20. 20. Shortened QT interval in Hypercalcemia
  21. 21. HYPOMAGMESAEMIA Background •Magnesium is required to support the heart muscle’s normal contraction-relaxation actions. •Decreased magnesium levels may cause irregular contraction of ventricles leading to arrhythmias.
  22. 22. ECG features of Hypomagnesaemia: • Rhythm: Irregular ventricular rhythm • Rate: Atrial and ventricular rates may be regular • P Wave: May be normal • PR interval: Normal • QRS complex: Normal • QT interval: Normal • ST segment: Depressed • T wave: Tall T waves
  23. 23. Tall T waves in Hypomagnesaemia Torsades de pointes
  24. 24. Depressed ST segment in Hypomagnesaemia
  25. 25. HYPERMAGMESAEMIA Background •Magnesium is required to support the heart muscle’s normal contraction-relaxation actions. •Increased magnesium levels may cause delayed conduction of electrical impulse.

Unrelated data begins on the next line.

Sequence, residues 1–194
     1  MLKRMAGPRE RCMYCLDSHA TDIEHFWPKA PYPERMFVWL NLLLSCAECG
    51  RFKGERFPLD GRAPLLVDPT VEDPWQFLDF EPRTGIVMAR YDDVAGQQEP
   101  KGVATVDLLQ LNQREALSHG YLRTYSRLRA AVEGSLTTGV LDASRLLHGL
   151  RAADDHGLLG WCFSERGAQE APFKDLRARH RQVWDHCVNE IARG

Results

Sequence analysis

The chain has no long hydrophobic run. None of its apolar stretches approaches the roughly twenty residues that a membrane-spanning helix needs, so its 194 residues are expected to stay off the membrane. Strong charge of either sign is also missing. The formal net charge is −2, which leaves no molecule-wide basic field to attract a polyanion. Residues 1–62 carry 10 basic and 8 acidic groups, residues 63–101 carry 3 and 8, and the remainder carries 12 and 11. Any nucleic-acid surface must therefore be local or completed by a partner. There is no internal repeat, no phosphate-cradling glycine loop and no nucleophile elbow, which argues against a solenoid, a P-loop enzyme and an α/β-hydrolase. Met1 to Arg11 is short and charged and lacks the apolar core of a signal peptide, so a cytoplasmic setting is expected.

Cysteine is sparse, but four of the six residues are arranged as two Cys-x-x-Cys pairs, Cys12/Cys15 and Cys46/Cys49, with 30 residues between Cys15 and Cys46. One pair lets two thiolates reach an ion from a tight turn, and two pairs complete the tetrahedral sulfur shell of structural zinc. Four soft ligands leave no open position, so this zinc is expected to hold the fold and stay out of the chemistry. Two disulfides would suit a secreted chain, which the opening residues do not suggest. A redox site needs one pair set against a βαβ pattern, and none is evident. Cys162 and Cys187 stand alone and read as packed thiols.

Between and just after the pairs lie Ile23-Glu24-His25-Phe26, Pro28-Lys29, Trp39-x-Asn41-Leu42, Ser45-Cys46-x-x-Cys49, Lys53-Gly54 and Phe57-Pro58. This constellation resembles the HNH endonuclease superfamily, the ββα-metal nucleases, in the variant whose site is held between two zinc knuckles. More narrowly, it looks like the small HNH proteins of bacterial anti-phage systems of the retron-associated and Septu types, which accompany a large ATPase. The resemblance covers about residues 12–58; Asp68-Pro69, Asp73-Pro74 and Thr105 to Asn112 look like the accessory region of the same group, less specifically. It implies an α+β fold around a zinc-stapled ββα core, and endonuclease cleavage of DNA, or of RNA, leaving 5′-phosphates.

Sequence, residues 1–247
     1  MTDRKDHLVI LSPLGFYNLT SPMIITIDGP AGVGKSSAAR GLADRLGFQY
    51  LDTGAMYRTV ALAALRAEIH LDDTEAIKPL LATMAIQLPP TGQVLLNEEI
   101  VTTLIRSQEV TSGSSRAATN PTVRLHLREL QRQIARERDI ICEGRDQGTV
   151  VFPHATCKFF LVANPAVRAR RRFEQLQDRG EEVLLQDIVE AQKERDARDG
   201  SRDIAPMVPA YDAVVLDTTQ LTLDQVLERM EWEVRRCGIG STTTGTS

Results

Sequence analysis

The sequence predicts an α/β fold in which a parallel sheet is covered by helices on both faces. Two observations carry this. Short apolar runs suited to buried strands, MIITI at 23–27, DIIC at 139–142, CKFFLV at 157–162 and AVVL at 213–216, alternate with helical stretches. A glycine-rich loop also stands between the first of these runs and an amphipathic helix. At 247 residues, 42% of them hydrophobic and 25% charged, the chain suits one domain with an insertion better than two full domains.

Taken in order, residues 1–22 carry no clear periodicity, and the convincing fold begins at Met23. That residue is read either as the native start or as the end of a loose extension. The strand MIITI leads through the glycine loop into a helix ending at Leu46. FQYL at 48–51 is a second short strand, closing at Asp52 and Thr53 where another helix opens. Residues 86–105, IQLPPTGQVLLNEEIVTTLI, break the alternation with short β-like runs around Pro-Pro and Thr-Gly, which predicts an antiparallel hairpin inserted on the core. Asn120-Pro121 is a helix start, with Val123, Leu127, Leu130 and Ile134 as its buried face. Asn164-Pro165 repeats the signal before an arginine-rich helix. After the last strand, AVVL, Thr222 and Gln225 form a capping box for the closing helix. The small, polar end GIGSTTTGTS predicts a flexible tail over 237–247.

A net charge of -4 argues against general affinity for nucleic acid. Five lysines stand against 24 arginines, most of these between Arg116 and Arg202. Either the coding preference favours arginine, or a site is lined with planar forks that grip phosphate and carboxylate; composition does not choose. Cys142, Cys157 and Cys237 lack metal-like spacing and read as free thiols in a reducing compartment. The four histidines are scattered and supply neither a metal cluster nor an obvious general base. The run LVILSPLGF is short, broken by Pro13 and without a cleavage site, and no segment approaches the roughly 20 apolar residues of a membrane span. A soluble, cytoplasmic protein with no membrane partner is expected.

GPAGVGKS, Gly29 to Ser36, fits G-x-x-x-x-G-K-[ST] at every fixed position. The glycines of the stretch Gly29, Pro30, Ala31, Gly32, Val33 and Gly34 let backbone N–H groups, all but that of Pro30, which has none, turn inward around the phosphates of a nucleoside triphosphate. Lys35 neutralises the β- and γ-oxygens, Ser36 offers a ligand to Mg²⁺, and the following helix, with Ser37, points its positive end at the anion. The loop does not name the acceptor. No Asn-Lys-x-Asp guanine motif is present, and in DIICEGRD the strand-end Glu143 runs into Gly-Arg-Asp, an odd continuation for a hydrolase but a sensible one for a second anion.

26. 26. ECG features of Hypermagnesemia • Rhythm: Atrial or ventricular rhythm may be regular • Rate: Atrial and ventricular rates may be regular • P Wave: May be normal • PR interval: prolonged • QRS complex: Widened • QT interval: Normal • ST segment: Normal • T wave: Normal
  27. 27. Prolonged PR interval in Hypermagnesemia Wide QRS complex in Hypermagnesemia
  28. 28. In a nut shell Hypocalcaemia- Prolonged ST and QT intervals Hyperkalemia- shortened ST segment - widened T wave Hypokalemia- ST depression - shallow, flat, inverted T wave - Prominent U wave Hyperkalemia- Tall, peaked T waves - Flat P waves - widened QRS complex - Prolonged PR interval Hypomagnesaemia- Tall T waves - Depressed ST segment Hypermagnesemia- Prolonged PR interval - widened QRS complexes
  29. 29. Treatment: • Hyperkalemia Cocktail • Hypokalemia Potassium replacement • Hypercalcemia Magnesium • Hypocalcemia Calcium replacement • Hypermagnesemia Calcium replacement • Hypomagnesaemia Mg replacement